Drugs Metabolized by Cytochrome P450
At therapeutic concentrations, solifenacin does not inhibit CYP1A1/2, 2C9, 2C19, 2D6, or 3A4 derived from human liver microsomes.
In vitro drug metabolism studies have shown that solifenacin is a substrate of CYP3A4. Inducers or inhibitors of CYP3A4 may alter solifenacin pharmacokinetics.
Ketoconazole Interaction Study
Following the administration of 10 mg of VESIcare in the presence of 400 mg of ketoconazole, a potent inhibitor of CYP3A4, the mean Cmax and AUC of solifenacin increased by 1.5 and 2.7-fold, respectively. Therefore, it is recommended not to exceed a 5 mg daily dose of VESIcare when administered with therapeutic doses of ketoconazole or other potent CYP3A4 inhibitors (see PRECAUTIONS, DOSAGE AND ADMINISTRATION).
In the presence of solifenacin there are no significant changes in the plasma concentrations of combined oral contraceptives (ethinyl estradiol/levogestrel).
Solifenacin has no significant effect on the pharmacokinetics of R -warfarin or S -warfarin.
Solifenacin had no significant effect on the pharmacokinetics of digoxin (0.125 mg/day) in healthy subjects.
The effect of 10 mg and 30 mg solifenacin succinate on the QT interval was evaluated at the time of peak plasma concentration of solifenacin in a multi-dose, randomized, double-blind, placebo and positive-controlled (moxifloxacin 400 mg) trial. Subjects were randomized to one of two treatment groups after receiving placebo and moxifloxacin sequentially. One group (n=51) went on to complete 3 additional sequential periods of dosing with solifenacin 10, 20, and 30 mg while the second group (n=25) in parallel completed a sequence of placebo and moxifloxacin. Study subjects were female volunteers aged 19 to 79 years. The 30 mg dose of solifenacin succinate (three times the highest recommended dose) was chosen for use in this study because this dose results in a solifenacin exposure that covers those observed upon co-administration of 10 mg VESIcare with potent CYP3A4 inhibitors (e.g. ketoconazole, 400 mg). Due to the sequential dose escalating nature of the study, baseline EKG measurements were separated from the final QT assessment (of the 30 mg dose level) by 33 days.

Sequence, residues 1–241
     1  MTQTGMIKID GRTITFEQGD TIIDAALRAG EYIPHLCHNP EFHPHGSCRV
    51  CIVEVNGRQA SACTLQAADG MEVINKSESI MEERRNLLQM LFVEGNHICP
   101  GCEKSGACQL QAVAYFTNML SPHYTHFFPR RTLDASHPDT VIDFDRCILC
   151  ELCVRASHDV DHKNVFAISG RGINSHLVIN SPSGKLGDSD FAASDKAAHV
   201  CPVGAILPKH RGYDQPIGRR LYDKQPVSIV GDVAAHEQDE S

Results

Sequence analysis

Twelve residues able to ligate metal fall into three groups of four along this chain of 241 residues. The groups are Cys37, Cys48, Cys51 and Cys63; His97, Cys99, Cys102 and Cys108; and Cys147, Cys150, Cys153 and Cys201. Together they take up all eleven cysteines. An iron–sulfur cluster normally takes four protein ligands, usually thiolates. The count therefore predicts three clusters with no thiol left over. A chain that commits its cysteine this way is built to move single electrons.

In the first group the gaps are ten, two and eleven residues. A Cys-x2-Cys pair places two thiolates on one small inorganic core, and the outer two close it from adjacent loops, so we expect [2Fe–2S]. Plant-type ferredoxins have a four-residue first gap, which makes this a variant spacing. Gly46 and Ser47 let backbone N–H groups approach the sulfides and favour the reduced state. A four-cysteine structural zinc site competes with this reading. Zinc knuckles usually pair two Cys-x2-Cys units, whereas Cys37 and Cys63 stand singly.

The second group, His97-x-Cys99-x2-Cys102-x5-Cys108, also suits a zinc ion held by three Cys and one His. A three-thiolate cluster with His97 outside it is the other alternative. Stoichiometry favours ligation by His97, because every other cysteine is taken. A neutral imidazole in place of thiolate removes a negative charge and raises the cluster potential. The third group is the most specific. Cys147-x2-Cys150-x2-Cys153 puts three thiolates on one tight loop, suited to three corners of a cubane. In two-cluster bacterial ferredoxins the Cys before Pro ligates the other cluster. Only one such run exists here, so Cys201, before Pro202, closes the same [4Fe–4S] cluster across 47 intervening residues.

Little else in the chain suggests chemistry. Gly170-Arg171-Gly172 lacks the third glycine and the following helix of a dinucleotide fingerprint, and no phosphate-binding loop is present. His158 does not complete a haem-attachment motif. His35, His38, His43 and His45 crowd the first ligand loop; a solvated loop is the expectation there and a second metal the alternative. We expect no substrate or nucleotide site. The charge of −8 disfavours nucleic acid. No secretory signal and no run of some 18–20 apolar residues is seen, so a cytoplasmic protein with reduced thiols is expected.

The median difference from baseline in heart rate associated with the 10 and 30 mg doses of solifenacin succinate compared to placebo was -2 and 0 beats/minute, respectively. Because a significant period effect on QTc was observed, the QTc effects were analyzed utilizing the parallel placebo control arm rather than the pre-specified intra-patient analysis. Representative results are shown in Table 1.
Table 1. QTc changes in msec (90%CI) from baseline at Tmax (relative to placebo)
| Drug/Dose ||
(using mean difference)
|Solifenacin 10 mg||2 (-3,6)|
|Solifenacin 30 mg ||8 (4,13)|
Moxifloxacin was included as a positive control in this study and, given the length of the study, its effect on the QT interval was evaluated in 3 different sessions. The placebo subtracted mean changes (90% CI) in QTcF for moxifloxacin in the three sessions were 11 (7, 14), 12 (8, 17), and 16 (12, 21), respectively.
The QT interval prolonging effect appeared greater for the 30 mg compared to the 10 mg dose of solifenacin. Although the effect of the highest solifenacin dose (three times the maximum therapeutic dose) studied did not appear as large as that of the positive control moxifloxacin at its therapeutic dose, the confidence intervals overlapped. This study was not designed to draw direct statistical conclusions between the drugs or the dose levels.